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Black adults are more susceptible to developing early atherosclerosis, an artery disease caused by the build-up of fats, than young Hispanic adults, according to a new study.
Released on July 11 in the Journal of American College of Cardiology, the study, titled “Subclinical Atherosclerosis in Young, Socioeconomically Vulnerable Hispanic and Non-Hispanic Black Adults,” was conducted by a group of researchers from different institutes around the world; the institutes included the Institut de Cardiologie de Montréal, the Icahn School of Medicine at Mount Sinai and the Centro Nacional de Investigaciones Cardiovasculares.
To conduct the study, the researchers performed vascular ultrasound examinations on 436 adults that had an average age of about 38 years old; of the study’s research group, 147 participants were Black while 289 were Hispanic. In their findings, the researchers found that 9% of the participants had subclinical atherosclerosis, an early indication of the disease. Of all the racial groups, Black participants recorded rates of fat buildup in arteries at twice the level of Hispanic participants, even after lifestyle factors, age, body mass index, hypertension, socioeconomic conditions and diabetes were factored in.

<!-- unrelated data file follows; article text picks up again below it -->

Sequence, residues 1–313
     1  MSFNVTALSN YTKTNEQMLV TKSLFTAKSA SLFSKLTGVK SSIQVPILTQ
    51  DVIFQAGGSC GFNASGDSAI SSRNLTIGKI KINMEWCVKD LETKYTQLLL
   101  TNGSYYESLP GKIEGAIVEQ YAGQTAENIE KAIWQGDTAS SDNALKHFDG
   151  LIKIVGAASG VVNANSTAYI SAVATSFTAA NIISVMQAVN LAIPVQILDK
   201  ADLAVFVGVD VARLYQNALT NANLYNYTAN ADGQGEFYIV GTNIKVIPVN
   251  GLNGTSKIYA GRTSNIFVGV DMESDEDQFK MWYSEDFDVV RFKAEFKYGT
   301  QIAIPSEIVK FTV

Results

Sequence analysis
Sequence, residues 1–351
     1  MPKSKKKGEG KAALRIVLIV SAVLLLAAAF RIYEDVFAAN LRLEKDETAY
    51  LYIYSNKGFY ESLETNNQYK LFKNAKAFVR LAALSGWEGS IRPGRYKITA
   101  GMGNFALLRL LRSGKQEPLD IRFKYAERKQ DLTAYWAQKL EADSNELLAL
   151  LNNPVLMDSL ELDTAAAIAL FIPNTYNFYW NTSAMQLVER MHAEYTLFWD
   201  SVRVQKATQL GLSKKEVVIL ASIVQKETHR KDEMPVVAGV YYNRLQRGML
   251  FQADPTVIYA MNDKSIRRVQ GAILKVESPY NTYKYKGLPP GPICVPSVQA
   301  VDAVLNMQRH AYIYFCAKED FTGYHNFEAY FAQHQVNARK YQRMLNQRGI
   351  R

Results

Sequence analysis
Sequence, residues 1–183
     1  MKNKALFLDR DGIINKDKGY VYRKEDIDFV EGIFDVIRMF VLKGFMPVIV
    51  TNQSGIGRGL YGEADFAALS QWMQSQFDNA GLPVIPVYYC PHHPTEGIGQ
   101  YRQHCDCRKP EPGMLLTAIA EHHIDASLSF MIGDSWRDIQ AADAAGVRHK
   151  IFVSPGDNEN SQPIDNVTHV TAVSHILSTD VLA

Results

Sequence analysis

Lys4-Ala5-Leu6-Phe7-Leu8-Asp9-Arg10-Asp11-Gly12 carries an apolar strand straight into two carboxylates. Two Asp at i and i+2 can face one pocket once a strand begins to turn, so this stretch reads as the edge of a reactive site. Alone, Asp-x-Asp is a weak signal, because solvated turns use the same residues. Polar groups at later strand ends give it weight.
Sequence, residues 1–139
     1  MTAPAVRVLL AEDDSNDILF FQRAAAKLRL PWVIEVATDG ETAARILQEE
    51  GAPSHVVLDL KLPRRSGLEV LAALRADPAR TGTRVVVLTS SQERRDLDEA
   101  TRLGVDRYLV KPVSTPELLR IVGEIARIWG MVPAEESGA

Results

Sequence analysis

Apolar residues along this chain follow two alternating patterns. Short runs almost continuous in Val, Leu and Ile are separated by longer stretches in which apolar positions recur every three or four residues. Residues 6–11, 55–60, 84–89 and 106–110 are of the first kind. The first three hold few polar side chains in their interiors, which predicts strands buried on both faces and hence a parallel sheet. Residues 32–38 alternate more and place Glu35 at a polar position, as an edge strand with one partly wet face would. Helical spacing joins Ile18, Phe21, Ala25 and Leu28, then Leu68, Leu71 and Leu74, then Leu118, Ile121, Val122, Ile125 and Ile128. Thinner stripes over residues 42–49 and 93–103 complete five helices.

“These findings may in part help to explain the observed differences in cardiovascular disease prevalence between racial and ethnic groups,” Dr.Valentin Fuster, MD, Ph.D., the Director of Mount Sinai Heart and leader of the study, said to News Medical. “The study further contributes to the understanding of higher rates of cardiovascular disease observed at an early age in disadvantaged communities.”
While cardiovascular diseases are the most prominent causes of death for people in most racial and ethnic groups, they’re particularly an issue for Black adults. In the 2021 National Vital Statistics Report by the CDC, they found that, in 2018, out of 100,000 deaths, an average of 212 Black Americans passed away from heart disease. Meanwhile, white Americans recorded an average of 168.1 deaths out of 100,00 as a result of heart disease.
While heart disease afflicts both Black men and women, studies have shown that Black women deal with some type of the disease at slightly higher rates than men. According to the American Heart Association, while 44% of Black men have a form of heart disease, 49% of Black women are recorded as dealing with the same issue.
Overall, each year, an average of 50,000 Black women pass away from heart disease as only 58% of the women report that they’re knowledgeable about what the symptoms and signs are.
Although Black women are more at risk, only 36% reported that they’re aware that heart disease is a major issue for them.